The Central Bank has upgraded its forecasts for economic growth this year due to improved domestic prospects, but said external demand remains uncertain.

In its latest quarterly bulletin, the Central Bank said the external environment remains very challenging.

It noted further strains in financial markets and weakening consumer and investor confidence.

The bank said that GDP will grow 0.7% in 2012, raising its previous forecast from 0.5% to match the Government's forecast. But it cut its 2013 GDP forecast to 1.9% from 2.1%.

The Central Bank repeated its warning that the outlook is subject to a high degree of uncertainty related to the prospects for external demand.

It added that the adverse impact of weakened external demand will be partially offset by competitiveness gains and a pick up in the performance of exports is expected in 2013.

Today's bulletin said that the Government is on track to meet its deficit targets under the EU-IMF bailout programme.

But it warned that euro zone leaders' indications that the country's debt burden may be reduced should not be taken as an excuse to reduce efforts to elimiate the deficit in the medium term.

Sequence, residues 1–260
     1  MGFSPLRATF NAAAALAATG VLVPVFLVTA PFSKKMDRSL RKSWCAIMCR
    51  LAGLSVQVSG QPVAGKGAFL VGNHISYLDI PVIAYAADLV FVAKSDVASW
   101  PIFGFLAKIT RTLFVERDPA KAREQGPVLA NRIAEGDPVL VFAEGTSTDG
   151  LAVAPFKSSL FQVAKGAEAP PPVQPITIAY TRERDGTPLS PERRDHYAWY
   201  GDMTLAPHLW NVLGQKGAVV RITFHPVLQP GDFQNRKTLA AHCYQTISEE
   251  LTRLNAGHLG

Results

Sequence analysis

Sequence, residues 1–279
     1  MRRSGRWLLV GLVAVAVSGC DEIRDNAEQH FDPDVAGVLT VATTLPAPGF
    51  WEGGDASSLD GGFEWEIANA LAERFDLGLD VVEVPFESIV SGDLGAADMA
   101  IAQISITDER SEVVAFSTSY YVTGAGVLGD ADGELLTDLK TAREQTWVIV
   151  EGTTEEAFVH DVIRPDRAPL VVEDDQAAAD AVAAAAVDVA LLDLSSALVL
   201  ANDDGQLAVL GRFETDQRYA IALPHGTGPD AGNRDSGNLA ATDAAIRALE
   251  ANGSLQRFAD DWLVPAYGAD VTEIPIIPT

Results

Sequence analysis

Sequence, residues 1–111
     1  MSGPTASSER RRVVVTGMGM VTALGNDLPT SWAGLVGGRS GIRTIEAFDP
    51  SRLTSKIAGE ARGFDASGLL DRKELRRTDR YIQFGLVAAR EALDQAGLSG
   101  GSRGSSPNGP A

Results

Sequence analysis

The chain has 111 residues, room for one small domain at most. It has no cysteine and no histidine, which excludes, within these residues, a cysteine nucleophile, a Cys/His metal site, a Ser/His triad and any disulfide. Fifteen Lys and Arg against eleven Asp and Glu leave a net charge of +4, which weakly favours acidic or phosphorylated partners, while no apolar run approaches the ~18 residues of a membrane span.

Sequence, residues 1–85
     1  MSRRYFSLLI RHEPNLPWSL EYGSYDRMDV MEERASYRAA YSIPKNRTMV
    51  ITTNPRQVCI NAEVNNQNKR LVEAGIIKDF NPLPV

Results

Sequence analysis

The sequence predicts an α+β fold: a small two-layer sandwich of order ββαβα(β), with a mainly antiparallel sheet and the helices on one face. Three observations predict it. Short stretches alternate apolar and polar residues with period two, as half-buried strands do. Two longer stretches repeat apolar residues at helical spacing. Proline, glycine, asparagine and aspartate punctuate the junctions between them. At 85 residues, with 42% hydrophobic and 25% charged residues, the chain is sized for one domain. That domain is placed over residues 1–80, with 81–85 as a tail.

The bank also urged the Government to boost competitiveness to ensure exports are not undermined by changes in currency exchange rates.

On the labour market, the Central Bank said it remains weak, although the pace of decline in employment has moderated. The bank projected that unemployment is set to average 14.7% this year, and will fall slightly to 14.4% in 2013.

The bank said that underlying inflation is expected to remain ''subdued'' this year due to continued weak pricing power for firms in the face of restrained consumer spending.

Lending to households down 3.7% in June

The annual rate of decline in loans to households eased to 3.7% in June from 3.9% in May, new figures from the Central Bank show.

The bank said a drop in lending for house purchases and consumption again accounted for much of the overall reduction in lending. The rate of decline has remained relatively steady for the past six months.

Lending to households rose by €55m in June, following a net monthly reduction of €264m in May.

The figures also showed that Irish owned banks accounted for €75.8 billion of the €88 billion Irish-based lenders had borrowed from the European Central Bank at the end of May, nearly flat from a month earlier.